Chassie West Glanzer squinted at the lone figure ambling up the snow-covered driveway.
Visitors were few and far between at the remote West homestead, especially on foot in the frigid month of February. The mildly warm day and clear skies could change in a helluva hurry on the high plains of Wyoming and she shivered at an odd sense of foreboding.
Each steady clip brought the man closer, but she couldn’t see his face. A long sheepskin coat brushed the thighs of faded Wranglers, drawing attention to the championship belt buckle centered between trim hips. Leather gloves covered fingers curled around the strap of a camouflage duffel bag. This man wasn’t one of those young, green city boys looking for “real” ranch work and a wild Western adventure. This guy was one hundred percent cowboy, from the tips of his scuffed Tony Lamas to the brim of his dusty black Resistol.
Chassie probably looked like a rube, or worse that unkempt woman from American Gothic, standing in front of their old wooden barn holding a pitchfork. She resisted fussing with her hair and called out, “Something I can help you with?”
When he lifted his head, Chassie’s breath caught. Good Lord. He was easily the most dazzling man she’d ever set eyes on. Thick black hair, tawny brown eyes fringed with dark eyelashes, and razor-sharp cheekbones that flared into a blocky jaw. Coppery-colored lips stretched wide and full below a thin blade of a nose. His smooth skin glowed the color of rich coffee liberally laced with cream. At first glance, his body appeared whipcord lean, but she suspected beneath those clothes was a muscular force to be reckoned with.
Rough, Raw, and Ready
The duffel bag hit the icy gravel. He pushed his hat back slightly and held out his gloved hand. “Hello. I’m Edgard Mancuso.”
When his voice rumbled out tinged with a foreign drawl, she bit back a feminine sigh. “Howdy, Edgard. I’m Chassie Glanzer. And forgive my bluntness, but what the hell are you doin’ wanderin’ around in the middle of winter? It’s a good way to wind up coyote food.”
He smiled, all brilliant white teeth, and her knees damn near collapsed. “You’re a feisty one, eh? Bet he loves that. I’m looking for Trevor.”
“Why? Does he owe you money?” At the man’s stark expression, Chassie said,
“Kidding. How do you know my husband?”
“We…we’re old friends.”
Huh. If that were true, why wasn’t the man’s name familiar?
Edgard carefully removed his gloves. “I guess he didn’t tell you about me. We used to be ropin’ partners on the Mountains and Plains Circuit.”
“Really? He might’ve mentioned it in passing, but he hasn’t been rodeoin’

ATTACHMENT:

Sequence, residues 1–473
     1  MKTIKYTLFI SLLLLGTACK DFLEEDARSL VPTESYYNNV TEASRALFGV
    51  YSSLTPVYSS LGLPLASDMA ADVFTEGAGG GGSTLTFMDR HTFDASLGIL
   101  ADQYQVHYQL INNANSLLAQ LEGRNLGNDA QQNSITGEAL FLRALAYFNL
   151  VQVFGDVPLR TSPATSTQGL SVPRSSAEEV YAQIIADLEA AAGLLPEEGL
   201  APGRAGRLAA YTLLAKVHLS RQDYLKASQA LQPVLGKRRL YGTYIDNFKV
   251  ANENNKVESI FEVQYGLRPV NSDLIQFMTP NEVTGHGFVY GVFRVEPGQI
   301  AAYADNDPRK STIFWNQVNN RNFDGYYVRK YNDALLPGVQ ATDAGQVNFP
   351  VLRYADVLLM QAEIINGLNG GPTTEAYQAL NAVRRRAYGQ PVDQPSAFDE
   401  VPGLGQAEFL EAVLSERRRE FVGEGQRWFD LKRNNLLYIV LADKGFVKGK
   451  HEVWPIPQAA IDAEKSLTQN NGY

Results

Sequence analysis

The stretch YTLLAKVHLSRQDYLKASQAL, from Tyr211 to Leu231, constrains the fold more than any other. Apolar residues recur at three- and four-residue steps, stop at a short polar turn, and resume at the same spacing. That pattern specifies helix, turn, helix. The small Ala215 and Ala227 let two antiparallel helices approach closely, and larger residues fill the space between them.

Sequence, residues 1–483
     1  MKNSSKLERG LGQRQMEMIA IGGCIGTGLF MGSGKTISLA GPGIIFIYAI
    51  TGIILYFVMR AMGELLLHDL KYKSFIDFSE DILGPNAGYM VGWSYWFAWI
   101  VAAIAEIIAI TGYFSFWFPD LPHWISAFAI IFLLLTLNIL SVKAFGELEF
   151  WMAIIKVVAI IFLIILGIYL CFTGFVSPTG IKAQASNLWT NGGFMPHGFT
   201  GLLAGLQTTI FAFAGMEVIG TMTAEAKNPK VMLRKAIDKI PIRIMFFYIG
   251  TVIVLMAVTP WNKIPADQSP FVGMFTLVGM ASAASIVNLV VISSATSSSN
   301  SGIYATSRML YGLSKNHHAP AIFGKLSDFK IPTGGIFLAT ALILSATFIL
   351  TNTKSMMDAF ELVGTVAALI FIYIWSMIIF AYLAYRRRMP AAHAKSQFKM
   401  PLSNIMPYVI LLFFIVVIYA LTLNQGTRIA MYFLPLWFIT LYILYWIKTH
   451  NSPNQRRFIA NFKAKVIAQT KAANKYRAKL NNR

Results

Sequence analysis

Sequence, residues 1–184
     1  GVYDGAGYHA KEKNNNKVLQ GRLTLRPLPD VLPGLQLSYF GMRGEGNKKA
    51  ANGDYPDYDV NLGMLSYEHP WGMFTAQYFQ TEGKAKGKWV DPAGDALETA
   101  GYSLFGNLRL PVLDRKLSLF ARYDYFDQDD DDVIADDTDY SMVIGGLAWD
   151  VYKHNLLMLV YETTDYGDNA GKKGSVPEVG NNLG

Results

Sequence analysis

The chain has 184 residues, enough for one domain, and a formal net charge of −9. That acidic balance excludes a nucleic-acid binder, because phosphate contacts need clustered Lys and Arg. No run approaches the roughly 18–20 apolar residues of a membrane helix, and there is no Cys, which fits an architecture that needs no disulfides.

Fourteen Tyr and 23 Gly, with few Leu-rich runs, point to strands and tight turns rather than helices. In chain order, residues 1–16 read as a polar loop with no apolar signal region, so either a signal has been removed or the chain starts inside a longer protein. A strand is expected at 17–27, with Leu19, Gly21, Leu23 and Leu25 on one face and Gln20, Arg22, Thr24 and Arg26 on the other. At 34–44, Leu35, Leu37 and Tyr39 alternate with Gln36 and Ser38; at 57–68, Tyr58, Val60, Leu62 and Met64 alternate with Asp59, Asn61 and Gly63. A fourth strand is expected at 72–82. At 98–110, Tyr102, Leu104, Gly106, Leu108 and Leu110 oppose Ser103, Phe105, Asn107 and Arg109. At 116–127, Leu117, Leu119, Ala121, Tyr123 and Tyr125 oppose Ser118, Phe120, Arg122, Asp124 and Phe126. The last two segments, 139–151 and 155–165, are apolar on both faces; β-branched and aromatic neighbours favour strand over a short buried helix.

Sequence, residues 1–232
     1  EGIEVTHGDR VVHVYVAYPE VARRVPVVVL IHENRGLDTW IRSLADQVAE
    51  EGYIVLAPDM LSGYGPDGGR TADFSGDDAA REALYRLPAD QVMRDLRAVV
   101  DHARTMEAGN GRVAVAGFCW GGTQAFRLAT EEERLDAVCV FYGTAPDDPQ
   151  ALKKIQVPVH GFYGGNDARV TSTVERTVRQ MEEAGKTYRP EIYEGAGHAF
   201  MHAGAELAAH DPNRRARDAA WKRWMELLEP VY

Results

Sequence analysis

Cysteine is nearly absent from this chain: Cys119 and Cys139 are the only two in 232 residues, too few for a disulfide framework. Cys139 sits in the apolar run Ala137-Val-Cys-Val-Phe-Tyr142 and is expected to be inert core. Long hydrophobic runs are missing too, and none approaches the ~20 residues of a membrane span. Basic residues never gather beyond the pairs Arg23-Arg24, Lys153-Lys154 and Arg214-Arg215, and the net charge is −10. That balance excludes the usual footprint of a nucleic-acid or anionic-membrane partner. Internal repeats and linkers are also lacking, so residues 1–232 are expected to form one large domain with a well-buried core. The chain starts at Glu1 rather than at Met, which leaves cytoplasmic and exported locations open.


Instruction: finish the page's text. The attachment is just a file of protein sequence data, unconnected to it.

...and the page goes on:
professionally for a couple of years. Where are you from?”
“Brazil. This is the first time I’ve been in the U.S. since my run of luck with Trevor ended a few years back.”
Chassie gave him another once-over. “If you were on that circuit, did you know my brother, Dag West?”
“Uh-huh. I roped with him several times. Talented heeler and a good guy. I heard what happened. I’m sorry.”
“Thanks.” Chassie wrapped her fingers around the pitchfork handle and hefted it out of the straw. “You wanna come up to the house?”
“That’d be great.”
“Is Trevor expecting you?”
Edgard released a strangled laugh. “Ah. No.”
“Thought you’d surprise him?”
“Something like that.”
“Come on then. I’m about due for a break anyway.”
The crunch of boots on the ground was the only sound as she and Edgard trekked the long driveway to the old farmhouse.
Was this old friend of Trevor’s comparing the humble West homeplace to the Glanzer showplace she’d heard about but had never seen?
Didn’t matter. The house she’d grown up in looked better now than it had in fifteen years. After Chassie’s mother died, her father wouldn’t “waste” money fixing the problems, preferring to let the place fall into ruin. He hadn’t had the knowledge or the drive to do the basic home maintenance himself. Yet he was too proud to hire his nephews, Chet and Remy West—owners of a construction company—even after they’d offered to do the work at cost.
Between running the ranch and doing all the household chores, Chassie’s exhaustion at the end of the day hadn’t allowed for worries about peeling paint or figuring out what’d caused the leak in the living room ceiling. Or to discover why the front porch sagged in the right corner.
Chassie had refused to squabble with her father about household issues or anything else. She’d suffered enough traumas listening to Dad and Dag snapping and snarling at each other like rabid dogs over the dumbest things. To what end? Bitterness, regret, stupidity, and pride had killed both father and son.